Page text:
Life can seem hard and unfair. And maybe it is. I’m sure most people know that feeling of losing all hope, that horrible sensation of watching your life fall apart while knowing there is nothing you can do about it.
Well, in this blogpost I will tell you how I found a way to turn things around. And it all started with a blanket.
But first of all, let me just get the formalities out of the way. You’re reading this on http://www.bull-hansen.com and this blogpost was written by Bjørn Andreas Bull-Hansen. Other websites have not been authorised to use this blogpost or the photos. Please share this blogpost in social media in the normal way, but copying this material is a violation of the copyright.
If you’ve read some of my other blogposts, you’ll know that I consider myself to be a Norseman, or a modern Viking if you will. For many years now, I have been living by what I believe is the life philosophy of my heathen Norse ancestors. But it was not always like that. There was a time when things were different. I wouldn’t say that I was lost or confused or anything like that, but when I was a younger man, I didn’t have the mental tools that I have today. And for reasons I will not bother you with, one day I found myself in an extremely difficult situation. I was sitting in my car one winter night, I was cold, hungry, practically homeless and broke, and I knew very well that if I died at that moment, it would probably have taken quite a few days before anyone had noticed. I wasn’t suicidal, but things weren’t exactly going my way, to say the least.
I guess I was just sitting there, in my car, for a long time. I sat there feeling sorry for myself until I got so cold that I started shaking. So I reached out for a blanket that I had in the back seat and wrapped that blanket around me. I believe that blanket used to belong to my dog, an Alsatian called Odin. I didn’t name him that, by the way. He already had that name when I got him. I got him from a shelter, he was a dog nobody wanted and his former owner almost had him put to sleep.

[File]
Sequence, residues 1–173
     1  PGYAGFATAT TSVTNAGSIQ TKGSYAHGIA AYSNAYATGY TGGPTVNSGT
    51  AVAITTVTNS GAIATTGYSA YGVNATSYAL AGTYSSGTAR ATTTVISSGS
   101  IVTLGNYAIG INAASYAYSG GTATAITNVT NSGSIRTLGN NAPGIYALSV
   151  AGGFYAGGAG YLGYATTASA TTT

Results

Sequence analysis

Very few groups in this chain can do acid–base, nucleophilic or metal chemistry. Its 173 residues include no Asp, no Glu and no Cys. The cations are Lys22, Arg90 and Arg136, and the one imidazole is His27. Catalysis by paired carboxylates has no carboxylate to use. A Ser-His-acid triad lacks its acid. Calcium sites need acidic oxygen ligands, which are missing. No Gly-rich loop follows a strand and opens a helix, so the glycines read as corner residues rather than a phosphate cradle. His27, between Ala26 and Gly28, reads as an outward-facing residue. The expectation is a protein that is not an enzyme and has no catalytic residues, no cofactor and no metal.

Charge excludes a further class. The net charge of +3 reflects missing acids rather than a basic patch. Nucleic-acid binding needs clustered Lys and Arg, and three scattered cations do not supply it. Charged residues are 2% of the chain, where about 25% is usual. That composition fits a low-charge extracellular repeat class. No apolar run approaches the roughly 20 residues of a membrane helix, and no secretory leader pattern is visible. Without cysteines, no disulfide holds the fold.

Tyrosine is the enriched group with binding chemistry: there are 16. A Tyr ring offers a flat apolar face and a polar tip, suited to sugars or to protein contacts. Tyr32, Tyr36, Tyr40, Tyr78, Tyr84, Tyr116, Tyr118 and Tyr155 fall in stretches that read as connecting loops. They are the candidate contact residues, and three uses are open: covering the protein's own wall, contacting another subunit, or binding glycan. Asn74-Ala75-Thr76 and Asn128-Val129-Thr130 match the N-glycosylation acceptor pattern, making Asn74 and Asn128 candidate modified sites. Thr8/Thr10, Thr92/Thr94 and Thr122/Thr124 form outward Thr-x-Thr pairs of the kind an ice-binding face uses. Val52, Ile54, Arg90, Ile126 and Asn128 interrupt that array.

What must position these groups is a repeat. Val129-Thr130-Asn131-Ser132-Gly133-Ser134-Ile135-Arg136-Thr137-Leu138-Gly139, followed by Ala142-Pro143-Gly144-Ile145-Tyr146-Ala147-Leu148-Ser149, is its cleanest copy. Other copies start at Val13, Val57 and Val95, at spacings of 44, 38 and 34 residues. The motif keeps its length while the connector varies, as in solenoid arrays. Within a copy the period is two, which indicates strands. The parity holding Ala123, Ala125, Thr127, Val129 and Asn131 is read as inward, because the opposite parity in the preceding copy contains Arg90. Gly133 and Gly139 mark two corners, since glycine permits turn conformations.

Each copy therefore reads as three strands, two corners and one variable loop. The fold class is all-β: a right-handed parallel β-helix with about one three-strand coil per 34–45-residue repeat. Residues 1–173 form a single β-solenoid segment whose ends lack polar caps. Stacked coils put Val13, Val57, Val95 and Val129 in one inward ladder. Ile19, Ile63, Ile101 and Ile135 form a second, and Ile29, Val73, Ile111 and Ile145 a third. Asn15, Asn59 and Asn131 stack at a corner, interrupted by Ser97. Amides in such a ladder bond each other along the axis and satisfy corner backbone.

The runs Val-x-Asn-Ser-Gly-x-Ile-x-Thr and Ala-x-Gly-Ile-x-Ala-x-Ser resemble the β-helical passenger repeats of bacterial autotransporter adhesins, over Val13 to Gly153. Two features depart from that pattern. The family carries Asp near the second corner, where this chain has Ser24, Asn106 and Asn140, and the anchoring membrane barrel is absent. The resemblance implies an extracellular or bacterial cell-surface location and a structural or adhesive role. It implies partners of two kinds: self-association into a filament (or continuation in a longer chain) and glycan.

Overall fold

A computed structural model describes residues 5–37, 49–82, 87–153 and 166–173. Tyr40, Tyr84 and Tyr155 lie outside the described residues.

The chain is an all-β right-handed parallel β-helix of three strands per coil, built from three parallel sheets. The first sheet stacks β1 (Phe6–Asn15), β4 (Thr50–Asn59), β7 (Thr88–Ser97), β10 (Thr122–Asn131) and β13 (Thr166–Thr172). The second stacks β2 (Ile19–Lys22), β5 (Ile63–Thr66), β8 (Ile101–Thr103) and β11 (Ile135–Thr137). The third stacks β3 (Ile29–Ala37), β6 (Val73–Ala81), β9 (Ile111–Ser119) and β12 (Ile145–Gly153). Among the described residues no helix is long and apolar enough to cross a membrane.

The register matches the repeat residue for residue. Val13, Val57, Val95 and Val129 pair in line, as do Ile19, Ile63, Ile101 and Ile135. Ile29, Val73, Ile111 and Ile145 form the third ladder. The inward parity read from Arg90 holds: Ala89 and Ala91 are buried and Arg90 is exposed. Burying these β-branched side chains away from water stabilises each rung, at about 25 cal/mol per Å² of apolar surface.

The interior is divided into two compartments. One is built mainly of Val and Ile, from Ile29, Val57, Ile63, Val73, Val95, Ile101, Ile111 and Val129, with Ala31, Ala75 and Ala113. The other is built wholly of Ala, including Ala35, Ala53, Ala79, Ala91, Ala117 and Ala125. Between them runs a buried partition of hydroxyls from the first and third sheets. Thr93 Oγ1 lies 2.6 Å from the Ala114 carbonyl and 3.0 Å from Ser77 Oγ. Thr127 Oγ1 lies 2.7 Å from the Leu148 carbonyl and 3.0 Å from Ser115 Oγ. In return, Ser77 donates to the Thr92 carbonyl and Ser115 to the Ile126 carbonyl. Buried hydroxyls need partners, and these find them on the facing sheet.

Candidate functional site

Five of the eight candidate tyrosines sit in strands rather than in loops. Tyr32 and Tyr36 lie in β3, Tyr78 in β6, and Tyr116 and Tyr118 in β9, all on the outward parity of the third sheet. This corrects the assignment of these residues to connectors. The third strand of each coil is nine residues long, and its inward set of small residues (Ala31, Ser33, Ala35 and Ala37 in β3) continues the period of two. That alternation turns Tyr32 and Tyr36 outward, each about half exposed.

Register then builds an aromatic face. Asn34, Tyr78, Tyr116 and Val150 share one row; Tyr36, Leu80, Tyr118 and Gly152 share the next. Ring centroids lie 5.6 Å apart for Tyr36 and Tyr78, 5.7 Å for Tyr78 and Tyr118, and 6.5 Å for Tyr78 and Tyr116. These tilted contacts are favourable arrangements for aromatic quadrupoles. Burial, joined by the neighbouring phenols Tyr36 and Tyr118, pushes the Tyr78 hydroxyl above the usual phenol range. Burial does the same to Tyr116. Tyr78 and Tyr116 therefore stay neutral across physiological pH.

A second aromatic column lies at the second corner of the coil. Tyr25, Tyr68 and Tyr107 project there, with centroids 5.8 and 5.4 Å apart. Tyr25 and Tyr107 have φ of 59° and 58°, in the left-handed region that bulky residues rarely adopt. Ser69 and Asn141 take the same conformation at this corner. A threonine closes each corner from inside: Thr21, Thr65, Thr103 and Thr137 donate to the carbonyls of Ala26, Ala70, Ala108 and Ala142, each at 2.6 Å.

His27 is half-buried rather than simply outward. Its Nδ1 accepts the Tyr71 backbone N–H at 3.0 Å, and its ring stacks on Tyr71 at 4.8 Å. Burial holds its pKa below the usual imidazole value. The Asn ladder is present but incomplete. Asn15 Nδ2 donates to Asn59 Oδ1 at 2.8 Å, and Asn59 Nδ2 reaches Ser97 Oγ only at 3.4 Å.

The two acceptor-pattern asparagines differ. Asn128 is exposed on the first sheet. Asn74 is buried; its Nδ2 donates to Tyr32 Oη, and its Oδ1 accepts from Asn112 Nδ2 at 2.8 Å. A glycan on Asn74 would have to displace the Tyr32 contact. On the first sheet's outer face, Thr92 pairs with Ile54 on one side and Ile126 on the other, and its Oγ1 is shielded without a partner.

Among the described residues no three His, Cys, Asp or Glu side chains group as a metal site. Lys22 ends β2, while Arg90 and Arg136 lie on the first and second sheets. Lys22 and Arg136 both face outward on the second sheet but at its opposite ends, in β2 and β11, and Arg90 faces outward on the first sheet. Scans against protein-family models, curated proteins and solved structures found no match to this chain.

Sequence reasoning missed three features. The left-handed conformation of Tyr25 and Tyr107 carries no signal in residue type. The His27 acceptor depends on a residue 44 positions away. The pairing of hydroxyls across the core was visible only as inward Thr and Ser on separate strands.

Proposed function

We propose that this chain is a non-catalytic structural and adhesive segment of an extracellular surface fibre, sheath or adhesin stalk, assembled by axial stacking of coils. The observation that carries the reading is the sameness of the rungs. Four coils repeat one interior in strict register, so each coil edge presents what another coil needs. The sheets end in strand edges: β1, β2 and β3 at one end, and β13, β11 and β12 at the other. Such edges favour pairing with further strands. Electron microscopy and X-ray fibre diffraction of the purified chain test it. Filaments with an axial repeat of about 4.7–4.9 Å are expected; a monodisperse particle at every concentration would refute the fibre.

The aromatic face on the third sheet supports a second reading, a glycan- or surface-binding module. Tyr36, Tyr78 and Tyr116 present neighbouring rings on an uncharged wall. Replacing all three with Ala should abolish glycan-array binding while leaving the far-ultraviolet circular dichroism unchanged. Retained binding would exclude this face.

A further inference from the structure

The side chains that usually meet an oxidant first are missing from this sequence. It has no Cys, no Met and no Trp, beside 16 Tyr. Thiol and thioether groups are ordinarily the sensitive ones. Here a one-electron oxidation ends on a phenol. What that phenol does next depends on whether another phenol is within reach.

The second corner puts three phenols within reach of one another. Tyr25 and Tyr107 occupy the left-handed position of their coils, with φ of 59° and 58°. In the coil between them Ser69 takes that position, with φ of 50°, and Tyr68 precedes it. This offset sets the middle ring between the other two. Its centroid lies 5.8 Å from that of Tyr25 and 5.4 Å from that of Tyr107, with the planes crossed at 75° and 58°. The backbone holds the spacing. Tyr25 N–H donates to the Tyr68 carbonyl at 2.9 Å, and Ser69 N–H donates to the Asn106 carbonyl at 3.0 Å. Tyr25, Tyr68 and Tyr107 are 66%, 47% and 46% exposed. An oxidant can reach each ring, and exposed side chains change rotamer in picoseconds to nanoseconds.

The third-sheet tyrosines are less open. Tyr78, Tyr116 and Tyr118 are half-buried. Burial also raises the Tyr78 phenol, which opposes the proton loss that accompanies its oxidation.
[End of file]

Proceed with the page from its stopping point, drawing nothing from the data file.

Odin was not with me that night, he died a few years earlier. But his blanket was still in the car. And now that blanket made me warm. But something else happened too. I got this idea in my head that since I could improve my situation simply by wrapping this blanket around me, I do actually have the power to change my life for the better. I started asking myself: Is there something more I can do to improve my situation?
During the following days, I made a lot of small changes in my life and each of those made things a little bit better. I did not focus on where I wanted to be in life. I only focused on the improvements. I picked up the phone and called a few people. I started writing from 4 AM to increase my working hours. I looked into education in mental therapy. And day by day, my life improved. My life was far from perfect, it isn’t now and it probably never will be. But the philosophy of improvement keeps me moving forward and even though I am focused on my goals, I am even more focused on the process that will get me there.
Because it really is about the process and I find that people who are happy and often successful are much more concerned about the process than anything else. My powerlifting coach Mike Tuchscherer always stressed that the process is more important than the kgs lifted. In other words, the journey is more important than the destination. If you focus more on the journey than the destination, you are not only more likely to reach your destination, you will also be a more successful traveller. This is why I define success as a mindset and I disagree with those who measure success by money, fame and such things. The way I see it, you will be successful from the moment you decide to be. You can actually be successful right now. Look around you. Is there something you can do to improve your situation just a little bit? Do that and do it now. Then look for more things you can change, more improvements you can make. Some would say that is the key to success. I would say that such a mindset is in itself success.
I will always remember that day Odin gave me a blanket. That the Norse king of the Aesir, the Allfather who sits in Valhalla, is also called Odin, is a coincidence. But sometimes it makes me wonder if there was a meaning behind it all. I am not a religious person myself, but the Norse belief system Ásatru is very close to my heart. It’s tempting to think that the Allfather decided it was time that I took my destiny in my own hands that night in the car.
©Bjørn Andreas Bull-Hansen
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